Alfred Jean Baptiste Lemaire

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Alfred Jean-Baptiste Lemaire (Persian: آلفرد ژان باتیست لومر‎; 15 January 1842 – 24 February 1907) was a French military musician and composer who went to Iran in 1868, during the reign of King Nasser-al-Din Shah to train the staff of the music department of Dar ul-Funun. He was the composer of the first Iranian national anthem.[1]

Life[edit]

Lemaire was born in Aire-sur-la-Lys and entered the Paris Conservatory in 1855, graduating in flute and composition in 1863. By 1867 he had become Deputy Music Master for the Infantry of the Imperial Guard.[2] When King Nasser-al-Din Shah visited Paris, he admired the French military bands that had welcomed him. At the time Iranian military music had used only traditional drums (naqareh) and trumpets (karnay). On his return to Iran in 1867 the King asked his ambassador to France, Hassan-Ali Garrussi, to hire a French musician to reorganize his military orchestras along Western European lines. Adolphe Niel, then France's Defence Minister, selected Lemaire to take up the post.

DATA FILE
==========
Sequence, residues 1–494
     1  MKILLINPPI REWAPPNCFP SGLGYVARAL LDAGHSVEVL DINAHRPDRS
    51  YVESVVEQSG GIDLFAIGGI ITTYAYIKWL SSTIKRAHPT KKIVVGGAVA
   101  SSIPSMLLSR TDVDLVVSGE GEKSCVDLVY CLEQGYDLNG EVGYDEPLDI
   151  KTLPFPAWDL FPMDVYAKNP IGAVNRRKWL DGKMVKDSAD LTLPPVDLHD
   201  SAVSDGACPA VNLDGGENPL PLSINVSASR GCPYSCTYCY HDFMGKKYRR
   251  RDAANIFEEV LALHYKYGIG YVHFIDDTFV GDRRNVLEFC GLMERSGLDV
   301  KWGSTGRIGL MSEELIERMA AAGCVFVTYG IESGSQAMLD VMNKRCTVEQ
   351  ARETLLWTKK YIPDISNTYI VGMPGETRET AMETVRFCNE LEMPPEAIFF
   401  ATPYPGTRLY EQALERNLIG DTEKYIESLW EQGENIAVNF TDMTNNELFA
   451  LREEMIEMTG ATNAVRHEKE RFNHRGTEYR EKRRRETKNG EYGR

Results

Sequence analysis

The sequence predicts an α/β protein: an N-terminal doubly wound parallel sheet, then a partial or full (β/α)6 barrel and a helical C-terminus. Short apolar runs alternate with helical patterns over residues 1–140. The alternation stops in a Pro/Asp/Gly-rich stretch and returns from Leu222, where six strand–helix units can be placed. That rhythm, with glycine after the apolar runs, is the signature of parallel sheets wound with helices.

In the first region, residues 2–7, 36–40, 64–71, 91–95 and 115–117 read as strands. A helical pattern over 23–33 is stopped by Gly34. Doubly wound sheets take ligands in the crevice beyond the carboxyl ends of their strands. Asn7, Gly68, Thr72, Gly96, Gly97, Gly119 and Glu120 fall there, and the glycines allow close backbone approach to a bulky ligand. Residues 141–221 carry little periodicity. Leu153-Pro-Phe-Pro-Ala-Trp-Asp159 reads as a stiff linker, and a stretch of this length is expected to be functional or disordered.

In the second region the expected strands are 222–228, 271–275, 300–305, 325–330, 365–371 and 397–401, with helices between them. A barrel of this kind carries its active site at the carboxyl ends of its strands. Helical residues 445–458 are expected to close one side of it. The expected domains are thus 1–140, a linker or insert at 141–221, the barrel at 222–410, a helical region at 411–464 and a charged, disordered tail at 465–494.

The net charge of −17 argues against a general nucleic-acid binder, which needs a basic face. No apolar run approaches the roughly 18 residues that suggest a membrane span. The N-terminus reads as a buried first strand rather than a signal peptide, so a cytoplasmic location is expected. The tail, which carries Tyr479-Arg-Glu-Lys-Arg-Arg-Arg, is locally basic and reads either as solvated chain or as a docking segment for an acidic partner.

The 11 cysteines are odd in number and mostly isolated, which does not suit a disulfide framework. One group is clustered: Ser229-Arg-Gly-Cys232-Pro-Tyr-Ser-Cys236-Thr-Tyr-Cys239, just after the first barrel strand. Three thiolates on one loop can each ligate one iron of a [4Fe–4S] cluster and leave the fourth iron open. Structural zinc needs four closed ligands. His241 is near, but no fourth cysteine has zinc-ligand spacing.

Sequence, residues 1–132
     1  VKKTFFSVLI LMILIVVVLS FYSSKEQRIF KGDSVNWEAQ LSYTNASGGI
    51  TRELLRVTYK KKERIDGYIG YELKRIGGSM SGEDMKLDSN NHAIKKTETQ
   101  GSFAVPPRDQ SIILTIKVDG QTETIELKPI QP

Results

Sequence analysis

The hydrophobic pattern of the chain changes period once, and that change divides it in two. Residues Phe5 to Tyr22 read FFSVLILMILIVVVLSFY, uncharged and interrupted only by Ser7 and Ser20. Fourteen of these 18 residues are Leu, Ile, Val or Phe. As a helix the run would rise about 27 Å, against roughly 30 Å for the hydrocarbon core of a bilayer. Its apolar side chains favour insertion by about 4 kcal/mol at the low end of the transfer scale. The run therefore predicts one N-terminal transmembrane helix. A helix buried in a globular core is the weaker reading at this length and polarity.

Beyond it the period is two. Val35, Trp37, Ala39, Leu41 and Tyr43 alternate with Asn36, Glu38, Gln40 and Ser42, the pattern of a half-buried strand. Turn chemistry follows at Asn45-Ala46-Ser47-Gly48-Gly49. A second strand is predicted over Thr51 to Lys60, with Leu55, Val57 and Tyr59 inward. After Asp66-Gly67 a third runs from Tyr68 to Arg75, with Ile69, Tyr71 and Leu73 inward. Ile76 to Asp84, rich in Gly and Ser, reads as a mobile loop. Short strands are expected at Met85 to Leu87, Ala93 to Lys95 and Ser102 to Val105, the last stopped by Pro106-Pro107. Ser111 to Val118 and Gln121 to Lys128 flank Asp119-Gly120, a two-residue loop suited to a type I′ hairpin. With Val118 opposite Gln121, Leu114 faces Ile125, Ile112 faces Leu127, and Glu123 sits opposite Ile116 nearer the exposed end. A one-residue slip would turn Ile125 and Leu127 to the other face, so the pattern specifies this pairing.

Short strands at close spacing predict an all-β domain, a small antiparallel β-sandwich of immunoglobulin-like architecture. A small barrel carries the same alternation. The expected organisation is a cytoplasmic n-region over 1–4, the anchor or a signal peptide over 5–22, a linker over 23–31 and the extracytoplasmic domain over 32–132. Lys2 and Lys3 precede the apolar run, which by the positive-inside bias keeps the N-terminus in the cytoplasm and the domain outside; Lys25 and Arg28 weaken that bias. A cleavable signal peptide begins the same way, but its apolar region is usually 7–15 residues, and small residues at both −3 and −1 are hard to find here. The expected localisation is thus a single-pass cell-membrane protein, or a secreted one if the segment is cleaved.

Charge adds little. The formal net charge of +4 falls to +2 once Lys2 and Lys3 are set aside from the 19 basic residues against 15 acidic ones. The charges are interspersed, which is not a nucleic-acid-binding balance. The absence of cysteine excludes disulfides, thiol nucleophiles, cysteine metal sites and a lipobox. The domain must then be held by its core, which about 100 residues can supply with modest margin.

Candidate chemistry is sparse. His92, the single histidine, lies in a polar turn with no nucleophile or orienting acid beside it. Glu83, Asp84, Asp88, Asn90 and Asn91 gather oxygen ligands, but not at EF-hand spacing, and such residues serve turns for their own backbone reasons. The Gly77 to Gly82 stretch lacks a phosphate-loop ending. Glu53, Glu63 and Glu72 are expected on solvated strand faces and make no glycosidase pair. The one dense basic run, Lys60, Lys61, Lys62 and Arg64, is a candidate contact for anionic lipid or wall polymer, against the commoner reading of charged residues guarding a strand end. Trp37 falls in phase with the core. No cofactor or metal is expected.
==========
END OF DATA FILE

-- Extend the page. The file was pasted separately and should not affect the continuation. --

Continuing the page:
Once in Iran, Lemaire procured western instruments and organized the training of military musicians at the Dar ul-Funun, where one of his students was Darvish Khan. At the request of the King he also composed the first Iranian national anthem and other military pieces.[3] Lemaire was to spend the rest of his life in Iran but sent piano arrangements of classical Persian music back to Paris where the vogue for orientalism made them popular. In November 1906, three months before his death, he became the first Worshipful Master of the Réveil de l'Iran, the first regularly affiliated Masonic Lodge to operate in Iran.[4] Lemaire died in Tehran at the age of 65.

Mirza Ali-Akbar Khan Naqqashbashi's translations of Lemaire's lessons into Persian were the country's first introduction to European music. The music department where he taught later became an independent music college providing training in Western martial music.[5]

The grave of Alfred Jean-Baptiste Lemaire

References[edit]

Notes
  1. ^ Khaleqhi (2002)
  2. ^ Le Ménestrel (2 August 1885 p. 279
  3. ^ Wright (2009) pp. 3-4
  4. ^ Algar (2000)
  5. ^ Daniel and Mahdī (2006) p. 199
Sources